Asterix to the Rescue was one of Stephen Thraves' "Super Adventure Gamebooks" which boasted unique kits to aid gameplay. Most of these books were entertaining but nothing special, and Asterix to the Rescue is no exception.
Based on the comic books of Rene Goscinny and Alberto Uderzo about a Gaulish village resisting the invasion of Julius Caesar with the help of a magic potion, Asterix to the Rescue sees the druid Getafix, brewer of said potion, captured and brought to Rome (where he is incarcerated at the Colloseum despite the fact it was not built until over a hundred years after Caesar's death!). So Asterix, Obelix and Obelix's trusty hound Dogmatix set out to rescue him. A slight premise maybe, but Asterix plots were never particularly complicated. What made them stand out was their delightful word play, which is sadly missing here. Thraves tries hard to make it amusing and sometimes it is somewhat, but it really is not a patch on the comic books. The illustrations are copied from the Asterix books, and while this makes them high quality, sometimes they do not exactly fit with the text and if you are a fan of the Asterix comics it is sometimes annoying that characters you recognize from the comics represent completely different people.
As far as the game element goes, it is simplistic but fun. At the start you choose one of four items to take with you (a map, translator, money pouch or password scroll). This is basically the only decision you will make in the book, the rest of the time decisions will be made by rolling the die to see whether the next event will affect Asterix, Obelix or Dogmatix. Rolling the die will also change what route you will take to get to Rome thus adding a nice random element to make each adventure different from the last. Each of the items you choose from at the start will be called for at various stages and having the right item will allow you to either gain another of the items or to avoid having to waste a gourd of magic potion (using all of your gourds means game over). The four items are not equal in usefulness however. Not having the password scroll or map when they are required still gives you an opportunity to guess the corrrect answer while not having the translator or coin bag means you have to face the consequences. The author recommends that after you have played the book a few times, you can choose which options to pick rather than rolling the die to decide, but the book is a lot less fun without the random element and generally there is little indication of what the options involve anyway, meaning you are going to have to rely on memory of past attempts.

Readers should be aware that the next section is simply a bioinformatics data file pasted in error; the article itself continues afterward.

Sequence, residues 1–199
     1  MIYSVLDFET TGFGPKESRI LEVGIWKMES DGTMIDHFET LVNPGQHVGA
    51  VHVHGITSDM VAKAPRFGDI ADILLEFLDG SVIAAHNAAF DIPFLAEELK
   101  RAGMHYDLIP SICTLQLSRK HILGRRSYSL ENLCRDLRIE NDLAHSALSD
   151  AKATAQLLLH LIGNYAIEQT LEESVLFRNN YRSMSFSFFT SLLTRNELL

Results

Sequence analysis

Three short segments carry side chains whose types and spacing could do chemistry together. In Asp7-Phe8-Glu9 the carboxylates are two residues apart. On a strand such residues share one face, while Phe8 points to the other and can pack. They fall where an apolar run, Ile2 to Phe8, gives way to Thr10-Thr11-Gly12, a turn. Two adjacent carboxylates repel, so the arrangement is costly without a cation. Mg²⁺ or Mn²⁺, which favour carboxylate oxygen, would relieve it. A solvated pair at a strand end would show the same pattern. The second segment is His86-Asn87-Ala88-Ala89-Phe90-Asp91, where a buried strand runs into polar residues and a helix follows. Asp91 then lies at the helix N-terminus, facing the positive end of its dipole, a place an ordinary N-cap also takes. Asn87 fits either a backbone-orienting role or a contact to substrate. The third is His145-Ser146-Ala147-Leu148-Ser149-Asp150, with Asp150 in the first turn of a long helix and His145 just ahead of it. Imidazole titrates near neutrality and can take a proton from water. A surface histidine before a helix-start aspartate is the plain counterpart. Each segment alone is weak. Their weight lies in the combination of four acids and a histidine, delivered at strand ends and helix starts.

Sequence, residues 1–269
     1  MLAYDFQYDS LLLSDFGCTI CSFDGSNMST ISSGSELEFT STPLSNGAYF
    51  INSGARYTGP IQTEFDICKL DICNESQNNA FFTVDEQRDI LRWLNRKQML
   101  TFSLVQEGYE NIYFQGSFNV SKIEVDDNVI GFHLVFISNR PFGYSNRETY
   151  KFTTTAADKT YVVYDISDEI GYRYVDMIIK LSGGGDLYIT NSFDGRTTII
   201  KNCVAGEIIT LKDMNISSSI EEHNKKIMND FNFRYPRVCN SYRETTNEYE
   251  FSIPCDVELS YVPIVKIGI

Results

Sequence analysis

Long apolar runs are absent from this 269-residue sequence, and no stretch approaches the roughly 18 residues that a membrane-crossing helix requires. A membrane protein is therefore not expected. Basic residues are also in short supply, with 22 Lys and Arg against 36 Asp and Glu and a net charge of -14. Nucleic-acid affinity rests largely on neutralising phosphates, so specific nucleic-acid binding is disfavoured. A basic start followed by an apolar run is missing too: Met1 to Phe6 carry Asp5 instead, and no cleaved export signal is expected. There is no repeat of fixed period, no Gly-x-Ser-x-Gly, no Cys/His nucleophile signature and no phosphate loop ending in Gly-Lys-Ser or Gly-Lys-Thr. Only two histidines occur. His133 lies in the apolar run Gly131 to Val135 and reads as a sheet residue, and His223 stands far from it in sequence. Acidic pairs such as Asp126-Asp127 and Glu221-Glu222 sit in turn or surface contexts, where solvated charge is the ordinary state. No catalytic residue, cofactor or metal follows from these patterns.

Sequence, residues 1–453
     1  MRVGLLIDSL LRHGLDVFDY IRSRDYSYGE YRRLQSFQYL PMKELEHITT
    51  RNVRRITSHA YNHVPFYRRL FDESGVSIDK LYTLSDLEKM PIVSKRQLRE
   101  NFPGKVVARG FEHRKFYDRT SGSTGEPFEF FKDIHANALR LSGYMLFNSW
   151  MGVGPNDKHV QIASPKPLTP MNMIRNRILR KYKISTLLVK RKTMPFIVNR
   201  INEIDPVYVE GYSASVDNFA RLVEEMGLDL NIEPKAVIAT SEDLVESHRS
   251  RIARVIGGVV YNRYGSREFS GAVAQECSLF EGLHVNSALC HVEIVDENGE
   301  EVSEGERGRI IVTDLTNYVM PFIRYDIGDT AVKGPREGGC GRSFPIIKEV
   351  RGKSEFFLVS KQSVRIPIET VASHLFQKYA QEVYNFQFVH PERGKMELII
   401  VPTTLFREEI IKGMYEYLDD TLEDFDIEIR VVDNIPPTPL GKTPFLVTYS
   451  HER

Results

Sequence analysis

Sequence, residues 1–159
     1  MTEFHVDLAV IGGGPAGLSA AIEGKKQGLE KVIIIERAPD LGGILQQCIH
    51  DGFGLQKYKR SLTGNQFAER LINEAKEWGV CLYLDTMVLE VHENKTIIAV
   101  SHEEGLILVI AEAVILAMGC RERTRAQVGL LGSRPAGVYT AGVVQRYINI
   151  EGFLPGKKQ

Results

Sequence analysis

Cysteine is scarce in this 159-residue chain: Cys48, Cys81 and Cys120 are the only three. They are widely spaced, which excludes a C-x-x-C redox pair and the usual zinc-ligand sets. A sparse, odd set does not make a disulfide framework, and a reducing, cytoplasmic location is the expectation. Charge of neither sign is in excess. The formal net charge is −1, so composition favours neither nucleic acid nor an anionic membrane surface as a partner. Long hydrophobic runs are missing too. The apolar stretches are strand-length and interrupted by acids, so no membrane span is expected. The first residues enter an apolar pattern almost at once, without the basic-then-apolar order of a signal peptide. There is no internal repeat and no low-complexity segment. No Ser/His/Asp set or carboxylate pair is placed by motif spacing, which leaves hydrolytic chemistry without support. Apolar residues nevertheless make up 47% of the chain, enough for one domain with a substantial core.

In short, Asterix to the Rescue is an undemanding and entertaining way to spend a spare half hour, but there are better Asterix gamebooks out there (the excellent Alea Jacta Est series) and if you like these Super Adventure Gamebooks, I would recommend Thraves' similar, but much more amusingly written Ghost Adventure Games over his Asterix ones.
|Special Thanks:||Thanks to Nicholas Campbell for the cover and gamekit scans.|
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Asterix Adventure Games edition
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